Donna Ulisse is providing us with a diary from her visit to Russia with her band, The Poor Mountain Boys. The trip is by invitation from the U.S.-Russia Bilateral Presidential Commission.
Written from Moscow…
The Poor Mountain Boys and myself have launched ourselves on an adventure of a lifetime. When I first heard there was a chance that we would be playing in Russia I thought “sure…like that’s going to happen” and now, four months later I am sitting here in Victory Park right outside the city of Moscow looking at an awesome statue of some sort with angels playing tambourines and trumpets on a monument so high that I wrenched my neck to get a gander at the top.
Dozing across two park benches in the cool shade of this park are none other than Greg Davis and Jon Martin, all tuckered out after our 18 hour flight from Nashville to D.C. and then into the motherland. My honey Rick Stanley and our bass player Bobby King are still taking in all of these interesting sights.
We have several hours to kill before our sleeper train leaves to Vologda and this is our only chance to see Moscow so as tired as we are, we are determined not to miss this chance of a lifetime.
Written upon arriving in Vologda…
Our Russian journey has begun in earnest now. I have tasted borscht and like it very much, I have walked the streets of Moscow and filled my eyes with exciting new sights, I have survived the traffic and aggressive driving without having to pop a nerve pill yet and just spent a whole night with the sun shining bright through the window of our sleeper car all through the wee hours on a train taking us into Vologda.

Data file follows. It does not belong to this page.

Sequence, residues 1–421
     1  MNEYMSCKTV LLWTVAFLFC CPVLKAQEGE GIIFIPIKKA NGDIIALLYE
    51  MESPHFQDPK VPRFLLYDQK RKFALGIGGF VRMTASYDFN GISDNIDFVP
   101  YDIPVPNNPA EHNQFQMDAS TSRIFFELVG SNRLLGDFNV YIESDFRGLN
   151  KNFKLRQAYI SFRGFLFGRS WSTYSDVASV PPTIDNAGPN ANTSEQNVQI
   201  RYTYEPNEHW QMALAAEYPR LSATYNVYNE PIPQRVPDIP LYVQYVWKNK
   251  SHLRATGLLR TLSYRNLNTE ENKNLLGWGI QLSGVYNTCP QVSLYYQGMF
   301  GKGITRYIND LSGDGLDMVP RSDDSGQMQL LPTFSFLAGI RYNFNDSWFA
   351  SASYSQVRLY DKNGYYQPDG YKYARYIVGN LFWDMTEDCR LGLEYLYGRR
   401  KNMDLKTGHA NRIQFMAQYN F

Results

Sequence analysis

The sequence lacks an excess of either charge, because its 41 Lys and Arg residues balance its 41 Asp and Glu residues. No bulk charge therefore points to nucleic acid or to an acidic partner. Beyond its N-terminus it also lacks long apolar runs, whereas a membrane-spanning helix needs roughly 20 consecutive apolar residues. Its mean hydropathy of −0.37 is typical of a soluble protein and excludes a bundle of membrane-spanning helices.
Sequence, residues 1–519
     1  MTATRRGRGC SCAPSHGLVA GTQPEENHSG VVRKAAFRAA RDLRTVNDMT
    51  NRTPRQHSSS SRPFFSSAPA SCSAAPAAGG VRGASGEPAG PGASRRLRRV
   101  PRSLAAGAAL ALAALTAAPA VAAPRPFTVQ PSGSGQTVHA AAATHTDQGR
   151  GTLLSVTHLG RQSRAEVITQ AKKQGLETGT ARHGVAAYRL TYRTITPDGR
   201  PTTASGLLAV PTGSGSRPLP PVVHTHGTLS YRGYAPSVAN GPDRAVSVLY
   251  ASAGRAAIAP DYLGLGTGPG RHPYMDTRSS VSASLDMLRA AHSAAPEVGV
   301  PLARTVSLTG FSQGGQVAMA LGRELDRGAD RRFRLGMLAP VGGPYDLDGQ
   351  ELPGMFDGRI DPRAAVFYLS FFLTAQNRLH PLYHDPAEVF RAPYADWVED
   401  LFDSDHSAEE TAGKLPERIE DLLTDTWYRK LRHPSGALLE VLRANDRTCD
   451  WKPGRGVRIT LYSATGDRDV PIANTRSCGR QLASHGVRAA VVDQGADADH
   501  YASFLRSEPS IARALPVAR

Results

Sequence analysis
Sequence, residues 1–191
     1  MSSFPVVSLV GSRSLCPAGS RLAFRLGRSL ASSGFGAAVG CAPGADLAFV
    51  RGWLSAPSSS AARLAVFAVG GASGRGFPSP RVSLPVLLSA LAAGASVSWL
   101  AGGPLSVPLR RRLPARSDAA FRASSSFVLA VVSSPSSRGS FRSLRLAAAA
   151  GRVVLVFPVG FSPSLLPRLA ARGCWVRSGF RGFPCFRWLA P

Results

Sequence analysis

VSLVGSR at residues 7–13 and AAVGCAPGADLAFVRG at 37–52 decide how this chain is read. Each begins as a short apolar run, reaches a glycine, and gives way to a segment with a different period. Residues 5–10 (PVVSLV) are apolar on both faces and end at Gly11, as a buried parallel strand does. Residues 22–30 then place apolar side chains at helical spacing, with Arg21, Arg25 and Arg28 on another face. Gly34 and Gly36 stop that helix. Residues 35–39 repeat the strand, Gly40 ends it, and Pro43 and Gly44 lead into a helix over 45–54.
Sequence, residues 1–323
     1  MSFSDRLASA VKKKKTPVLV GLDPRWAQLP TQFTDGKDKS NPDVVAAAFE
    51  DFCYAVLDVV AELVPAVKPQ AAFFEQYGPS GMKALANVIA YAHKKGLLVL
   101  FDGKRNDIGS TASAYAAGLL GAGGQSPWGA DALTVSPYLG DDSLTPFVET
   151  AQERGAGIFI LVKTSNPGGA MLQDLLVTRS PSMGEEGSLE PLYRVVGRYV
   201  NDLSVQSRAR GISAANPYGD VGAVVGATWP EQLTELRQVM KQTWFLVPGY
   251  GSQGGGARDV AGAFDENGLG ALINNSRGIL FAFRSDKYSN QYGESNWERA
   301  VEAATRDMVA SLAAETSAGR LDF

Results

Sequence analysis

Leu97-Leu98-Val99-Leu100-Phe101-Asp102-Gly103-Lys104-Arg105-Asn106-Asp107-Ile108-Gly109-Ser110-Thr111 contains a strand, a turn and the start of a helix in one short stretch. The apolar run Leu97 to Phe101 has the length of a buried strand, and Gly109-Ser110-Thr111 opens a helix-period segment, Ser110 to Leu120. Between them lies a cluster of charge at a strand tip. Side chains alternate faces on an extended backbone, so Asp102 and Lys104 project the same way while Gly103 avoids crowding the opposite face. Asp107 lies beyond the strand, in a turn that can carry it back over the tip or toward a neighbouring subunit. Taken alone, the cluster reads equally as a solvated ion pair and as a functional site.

Yes folks….me and the Poor Mountain Boys are now international and LOVING it!
Our tour guide is Miss Vera Savko from the US Consulate office and she can walk three times faster than us southerners. Keeping up with her on our whirlwind tour of Red Square wore the soles off my cowboy boots and put blisters on my blisters. We had to cross many streets where this slight woman would hold her hand up against oncoming traffic, glare and stop the cars long enough to make a run for it. I counted seven lanes across for their one way streets here and cars were covering every inch of the tar.
Today we will play our first show and I can hardly wait. We met five musicians on our train that will be working the festival with us. They were all on fire for bluegrass and that made all the Poor Mountain Boys grin with delight. This will be such an enriching experience for us.
Music….bluegrass music will connect us all this day and make us family!